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A Portrait of the Document/View Architecture

Documents and views are paired in a typical MFC application. Data is stored in the document, but the view has privileged access to the data. The separation of document from view separates the storage and maintenance of data from its display.

The view accesses its document's data either with the GetDocument function, which returns a pointer to the document, or by making the view class a C++ friend of the document class. The view then uses its access to the data to obtain the data when it is ready to draw or otherwise manipulate it.

For example, from the view's OnDraw member function, the view uses GetDocument to obtain a document pointer. Then it uses that pointer to access a CString data member in the document. The view passes the string to the TextOut function. To see the code for this example, see Drawing in a View.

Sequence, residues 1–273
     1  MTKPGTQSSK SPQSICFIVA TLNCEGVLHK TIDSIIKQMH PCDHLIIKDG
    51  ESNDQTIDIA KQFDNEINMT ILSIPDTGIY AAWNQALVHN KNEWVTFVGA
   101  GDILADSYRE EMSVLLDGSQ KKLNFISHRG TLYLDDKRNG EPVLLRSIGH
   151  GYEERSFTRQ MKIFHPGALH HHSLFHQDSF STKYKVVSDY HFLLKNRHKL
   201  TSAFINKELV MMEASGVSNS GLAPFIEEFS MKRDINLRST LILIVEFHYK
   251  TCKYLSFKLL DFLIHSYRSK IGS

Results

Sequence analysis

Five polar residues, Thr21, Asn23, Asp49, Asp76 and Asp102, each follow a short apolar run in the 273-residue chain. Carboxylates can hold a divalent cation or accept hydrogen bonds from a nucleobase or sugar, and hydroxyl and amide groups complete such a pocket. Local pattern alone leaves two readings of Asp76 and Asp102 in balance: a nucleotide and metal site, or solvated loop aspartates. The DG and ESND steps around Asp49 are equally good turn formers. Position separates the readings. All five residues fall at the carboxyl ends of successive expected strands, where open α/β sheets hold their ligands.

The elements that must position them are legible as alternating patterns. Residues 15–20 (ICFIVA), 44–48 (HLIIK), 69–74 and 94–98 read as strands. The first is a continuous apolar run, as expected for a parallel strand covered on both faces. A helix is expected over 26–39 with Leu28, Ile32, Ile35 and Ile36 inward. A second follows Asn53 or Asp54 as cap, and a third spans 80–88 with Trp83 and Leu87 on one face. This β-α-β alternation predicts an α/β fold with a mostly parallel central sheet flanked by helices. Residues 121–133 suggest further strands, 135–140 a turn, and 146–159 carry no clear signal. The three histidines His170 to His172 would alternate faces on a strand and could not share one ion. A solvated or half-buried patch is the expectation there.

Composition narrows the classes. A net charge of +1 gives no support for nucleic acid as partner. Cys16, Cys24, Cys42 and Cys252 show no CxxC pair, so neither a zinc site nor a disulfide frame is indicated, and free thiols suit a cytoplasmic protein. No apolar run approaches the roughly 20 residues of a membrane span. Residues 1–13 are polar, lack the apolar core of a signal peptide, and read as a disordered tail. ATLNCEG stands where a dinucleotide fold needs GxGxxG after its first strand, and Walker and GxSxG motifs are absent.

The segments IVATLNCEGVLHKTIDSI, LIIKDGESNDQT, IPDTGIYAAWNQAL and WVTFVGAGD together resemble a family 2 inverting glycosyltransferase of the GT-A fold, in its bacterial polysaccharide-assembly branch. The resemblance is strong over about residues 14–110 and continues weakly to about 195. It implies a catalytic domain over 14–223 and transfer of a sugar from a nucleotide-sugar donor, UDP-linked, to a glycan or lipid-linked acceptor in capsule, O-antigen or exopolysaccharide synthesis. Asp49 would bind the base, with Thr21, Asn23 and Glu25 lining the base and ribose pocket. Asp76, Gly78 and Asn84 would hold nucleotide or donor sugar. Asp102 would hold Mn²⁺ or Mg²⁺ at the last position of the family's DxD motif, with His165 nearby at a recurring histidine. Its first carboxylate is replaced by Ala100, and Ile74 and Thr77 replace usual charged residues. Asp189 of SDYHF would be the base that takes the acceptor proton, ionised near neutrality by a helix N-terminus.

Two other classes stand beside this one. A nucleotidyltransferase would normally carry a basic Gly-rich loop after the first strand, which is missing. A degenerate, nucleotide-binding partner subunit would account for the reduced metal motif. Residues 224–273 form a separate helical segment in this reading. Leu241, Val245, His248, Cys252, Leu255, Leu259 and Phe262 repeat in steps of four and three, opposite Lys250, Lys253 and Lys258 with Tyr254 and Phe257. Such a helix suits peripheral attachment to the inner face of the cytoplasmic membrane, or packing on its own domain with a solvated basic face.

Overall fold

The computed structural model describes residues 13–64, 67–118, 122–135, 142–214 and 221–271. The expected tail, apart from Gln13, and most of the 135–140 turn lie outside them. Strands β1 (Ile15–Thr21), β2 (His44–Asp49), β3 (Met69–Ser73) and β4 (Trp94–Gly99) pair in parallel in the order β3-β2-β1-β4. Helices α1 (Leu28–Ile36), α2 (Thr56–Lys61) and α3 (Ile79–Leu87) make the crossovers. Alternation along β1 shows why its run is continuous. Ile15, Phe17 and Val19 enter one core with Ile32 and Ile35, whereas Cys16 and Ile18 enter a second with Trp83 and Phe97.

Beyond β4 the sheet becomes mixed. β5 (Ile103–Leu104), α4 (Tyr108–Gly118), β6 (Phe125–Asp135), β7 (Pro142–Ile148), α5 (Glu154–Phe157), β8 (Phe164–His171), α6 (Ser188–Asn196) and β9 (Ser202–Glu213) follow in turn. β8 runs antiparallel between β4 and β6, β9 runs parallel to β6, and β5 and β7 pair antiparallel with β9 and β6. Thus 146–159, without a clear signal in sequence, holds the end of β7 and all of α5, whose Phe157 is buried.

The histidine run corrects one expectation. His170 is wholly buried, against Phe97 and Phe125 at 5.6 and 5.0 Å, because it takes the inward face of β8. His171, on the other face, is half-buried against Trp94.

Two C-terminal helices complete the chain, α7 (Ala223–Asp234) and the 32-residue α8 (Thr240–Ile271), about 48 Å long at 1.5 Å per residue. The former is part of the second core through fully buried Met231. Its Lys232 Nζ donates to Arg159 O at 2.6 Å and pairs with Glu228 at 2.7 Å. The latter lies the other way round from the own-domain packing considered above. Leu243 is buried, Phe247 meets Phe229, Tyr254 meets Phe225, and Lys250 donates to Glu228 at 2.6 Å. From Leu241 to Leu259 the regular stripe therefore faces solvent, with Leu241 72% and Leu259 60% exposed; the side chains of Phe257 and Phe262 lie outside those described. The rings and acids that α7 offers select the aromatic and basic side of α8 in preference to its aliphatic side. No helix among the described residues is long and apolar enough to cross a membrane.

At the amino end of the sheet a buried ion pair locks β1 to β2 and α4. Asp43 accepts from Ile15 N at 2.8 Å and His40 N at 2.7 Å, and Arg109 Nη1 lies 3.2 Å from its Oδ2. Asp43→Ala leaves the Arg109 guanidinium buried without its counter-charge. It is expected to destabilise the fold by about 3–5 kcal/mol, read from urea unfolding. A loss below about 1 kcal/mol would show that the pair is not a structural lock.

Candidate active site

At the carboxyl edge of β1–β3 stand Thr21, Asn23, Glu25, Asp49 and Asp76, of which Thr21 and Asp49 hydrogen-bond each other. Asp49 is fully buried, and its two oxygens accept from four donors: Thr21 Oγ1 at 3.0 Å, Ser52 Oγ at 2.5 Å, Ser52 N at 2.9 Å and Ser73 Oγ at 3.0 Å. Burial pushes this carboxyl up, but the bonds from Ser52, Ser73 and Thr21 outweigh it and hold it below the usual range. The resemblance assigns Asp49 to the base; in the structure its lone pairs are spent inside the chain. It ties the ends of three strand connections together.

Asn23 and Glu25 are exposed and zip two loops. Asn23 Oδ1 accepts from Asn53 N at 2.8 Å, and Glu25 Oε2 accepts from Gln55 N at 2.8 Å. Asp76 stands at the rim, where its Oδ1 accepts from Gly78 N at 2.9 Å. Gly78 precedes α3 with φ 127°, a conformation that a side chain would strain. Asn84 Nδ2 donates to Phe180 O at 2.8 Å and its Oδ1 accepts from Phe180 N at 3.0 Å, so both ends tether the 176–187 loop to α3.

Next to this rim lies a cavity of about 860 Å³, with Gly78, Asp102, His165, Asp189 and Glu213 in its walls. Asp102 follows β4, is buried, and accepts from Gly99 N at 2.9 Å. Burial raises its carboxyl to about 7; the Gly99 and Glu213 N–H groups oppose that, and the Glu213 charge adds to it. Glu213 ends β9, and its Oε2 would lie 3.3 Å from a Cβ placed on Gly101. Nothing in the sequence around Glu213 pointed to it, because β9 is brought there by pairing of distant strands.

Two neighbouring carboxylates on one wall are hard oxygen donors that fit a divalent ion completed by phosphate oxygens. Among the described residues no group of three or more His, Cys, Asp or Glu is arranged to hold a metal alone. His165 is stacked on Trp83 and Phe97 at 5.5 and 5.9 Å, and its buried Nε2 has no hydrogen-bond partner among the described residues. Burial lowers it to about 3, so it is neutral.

The view might also interpret a mouse click within itself as either selection or editing of data. Similarly it might interpret keystrokes as data entry or editing. Suppose the user types a string in a view that manages text. The view obtains a pointer to the document and uses the pointer to pass the new data to the document, which stores it in some data structure.

In an application with multiple views of the same document — such as a splitter window in a text editor — the view first passes the new data to the document. Then it calls the document's UpdateAllViews member function, which tells all views of the document to update themselves, reflecting the new data. This synchronizes the views.

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